Did meet thee, that thou so should'st quit the hope
Of further progress, or what bait of ease
Or promise of allurement led thee on
Elsewhere, that thou elsewhere should'st rather wait?"
A bitter sigh I drew, then scarce found voice
To answer, hardly to these sounds my lips
Gave utterance, wailing: "Thy fair looks withdrawn,
Things present, with deceitful pleasures, turn'd
My steps aside." She answering spake: "Hadst thou
Been silent, or denied what thou avow'st,
Thou hadst not hid thy sin the more: such eye
Observes it. But whene'er the sinner's cheek
Breaks forth into the precious-streaming tears
Of self-accusing, in our court the wheel
Of justice doth run counter to the edge.
Howe'er that thou may'st profit by thy shame
For errors past, and that henceforth more strength
May arm thee, when thou hear'st the Siren-voice,
Lay thou aside the motive to this grief,
And lend attentive ear, while I unfold
How opposite a way my buried flesh
Should have impell'd thee. Never didst thou spy
In art or nature aught so passing sweet,
As were the limbs, that in their beauteous frame
Enclos'd me, and are scatter'd now in dust.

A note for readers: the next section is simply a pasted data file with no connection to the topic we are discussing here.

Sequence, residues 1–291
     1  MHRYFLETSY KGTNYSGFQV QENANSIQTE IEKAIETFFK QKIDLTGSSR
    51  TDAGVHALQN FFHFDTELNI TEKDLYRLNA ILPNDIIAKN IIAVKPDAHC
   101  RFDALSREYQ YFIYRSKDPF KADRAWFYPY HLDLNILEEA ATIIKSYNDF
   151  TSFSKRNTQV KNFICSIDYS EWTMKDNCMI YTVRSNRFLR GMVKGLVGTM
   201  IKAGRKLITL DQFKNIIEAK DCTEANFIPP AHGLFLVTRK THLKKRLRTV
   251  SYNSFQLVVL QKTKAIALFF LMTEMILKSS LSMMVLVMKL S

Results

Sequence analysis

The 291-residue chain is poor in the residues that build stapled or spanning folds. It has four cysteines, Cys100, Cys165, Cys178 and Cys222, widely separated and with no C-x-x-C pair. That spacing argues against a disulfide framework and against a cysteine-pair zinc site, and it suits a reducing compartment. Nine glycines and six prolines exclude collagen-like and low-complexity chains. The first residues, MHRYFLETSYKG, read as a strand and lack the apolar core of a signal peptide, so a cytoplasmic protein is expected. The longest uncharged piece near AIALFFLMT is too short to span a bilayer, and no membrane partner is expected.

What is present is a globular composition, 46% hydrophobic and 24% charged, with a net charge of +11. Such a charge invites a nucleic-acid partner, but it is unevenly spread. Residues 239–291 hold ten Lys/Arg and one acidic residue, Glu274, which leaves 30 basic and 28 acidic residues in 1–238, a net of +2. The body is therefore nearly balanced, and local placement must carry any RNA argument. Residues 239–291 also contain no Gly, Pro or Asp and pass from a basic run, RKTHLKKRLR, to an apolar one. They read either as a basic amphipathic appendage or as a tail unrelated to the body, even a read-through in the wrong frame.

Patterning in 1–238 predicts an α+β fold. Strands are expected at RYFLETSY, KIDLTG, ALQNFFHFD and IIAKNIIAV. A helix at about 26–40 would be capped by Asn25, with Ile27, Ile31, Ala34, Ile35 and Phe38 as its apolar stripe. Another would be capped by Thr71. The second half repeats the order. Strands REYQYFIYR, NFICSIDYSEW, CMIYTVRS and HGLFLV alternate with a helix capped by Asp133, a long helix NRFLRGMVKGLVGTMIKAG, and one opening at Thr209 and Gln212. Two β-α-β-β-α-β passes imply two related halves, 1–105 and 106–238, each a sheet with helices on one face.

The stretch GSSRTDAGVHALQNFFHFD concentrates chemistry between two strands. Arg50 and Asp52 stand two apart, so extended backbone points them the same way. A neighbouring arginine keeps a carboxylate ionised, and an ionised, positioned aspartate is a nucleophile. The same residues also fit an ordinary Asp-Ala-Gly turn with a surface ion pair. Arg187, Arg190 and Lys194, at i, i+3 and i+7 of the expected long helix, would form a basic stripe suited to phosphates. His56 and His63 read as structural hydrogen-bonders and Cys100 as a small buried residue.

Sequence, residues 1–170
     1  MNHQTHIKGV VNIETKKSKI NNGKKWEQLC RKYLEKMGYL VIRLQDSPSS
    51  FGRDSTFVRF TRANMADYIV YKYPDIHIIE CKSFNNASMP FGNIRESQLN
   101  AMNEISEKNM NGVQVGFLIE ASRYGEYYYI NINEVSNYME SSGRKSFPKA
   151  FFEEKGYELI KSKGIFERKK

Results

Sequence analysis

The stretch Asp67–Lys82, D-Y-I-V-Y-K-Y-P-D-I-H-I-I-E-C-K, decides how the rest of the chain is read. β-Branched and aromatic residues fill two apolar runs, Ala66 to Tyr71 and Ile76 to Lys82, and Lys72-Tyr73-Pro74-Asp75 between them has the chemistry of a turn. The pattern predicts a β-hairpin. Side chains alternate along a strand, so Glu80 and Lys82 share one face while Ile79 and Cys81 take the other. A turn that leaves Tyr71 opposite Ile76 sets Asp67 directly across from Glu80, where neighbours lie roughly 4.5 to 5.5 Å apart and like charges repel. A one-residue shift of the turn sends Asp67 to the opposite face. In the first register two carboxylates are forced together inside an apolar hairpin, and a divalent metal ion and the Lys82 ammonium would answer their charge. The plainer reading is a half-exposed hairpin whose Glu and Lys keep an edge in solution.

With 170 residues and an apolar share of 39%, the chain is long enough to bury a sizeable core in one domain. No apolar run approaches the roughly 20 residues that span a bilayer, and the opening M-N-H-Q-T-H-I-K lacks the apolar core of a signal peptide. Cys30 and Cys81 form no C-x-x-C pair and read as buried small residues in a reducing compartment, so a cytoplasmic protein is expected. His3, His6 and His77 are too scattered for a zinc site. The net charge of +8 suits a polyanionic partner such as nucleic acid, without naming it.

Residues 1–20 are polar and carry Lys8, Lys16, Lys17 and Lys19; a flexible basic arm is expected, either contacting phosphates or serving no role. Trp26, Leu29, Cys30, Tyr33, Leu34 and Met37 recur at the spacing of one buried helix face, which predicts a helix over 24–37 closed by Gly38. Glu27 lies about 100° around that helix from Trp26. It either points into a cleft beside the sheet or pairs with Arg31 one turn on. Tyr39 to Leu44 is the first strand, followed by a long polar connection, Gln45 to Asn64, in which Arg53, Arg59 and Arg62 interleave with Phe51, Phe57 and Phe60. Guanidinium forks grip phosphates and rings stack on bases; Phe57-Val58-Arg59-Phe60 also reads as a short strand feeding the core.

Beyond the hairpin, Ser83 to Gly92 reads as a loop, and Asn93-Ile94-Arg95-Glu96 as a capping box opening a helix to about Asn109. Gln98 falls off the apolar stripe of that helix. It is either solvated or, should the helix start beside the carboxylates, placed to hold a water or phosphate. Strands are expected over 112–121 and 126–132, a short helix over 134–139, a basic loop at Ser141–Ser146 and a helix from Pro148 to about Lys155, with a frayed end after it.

If sweetest thing thus fail'd thee with my death,
What, afterward, of mortal should thy wish
Have tempted? When thou first hadst felt the dart
Of perishable things, in my departing
For better realms, thy wing thou should'st have prun'd
To follow me, and never stoop'd again
To 'bide a second blow for a slight girl,
Or other gaud as transient and as vain.
The new and inexperienc'd bird awaits,
Twice it may be, or thrice, the fowler's aim;
But in the sight of one, whose plumes are full,
In vain the net is spread, the arrow wing'd."
I stood, as children silent and asham'd
Stand, list'ning, with their eyes upon the earth,
Acknowledging their fault and self-condemn'd.
And she resum'd: "If, but to hear thus pains thee,
Raise thou thy beard, and lo! what sight shall do!"
With less reluctance yields a sturdy holm,
Rent from its fibers by a blast, that blows
From off the pole, or from Iarbas' land,
Than I at her behest my visage rais'd:
And thus the face denoting by the beard,
I mark'd the secret sting her words convey'd.
No sooner lifted I mine aspect up,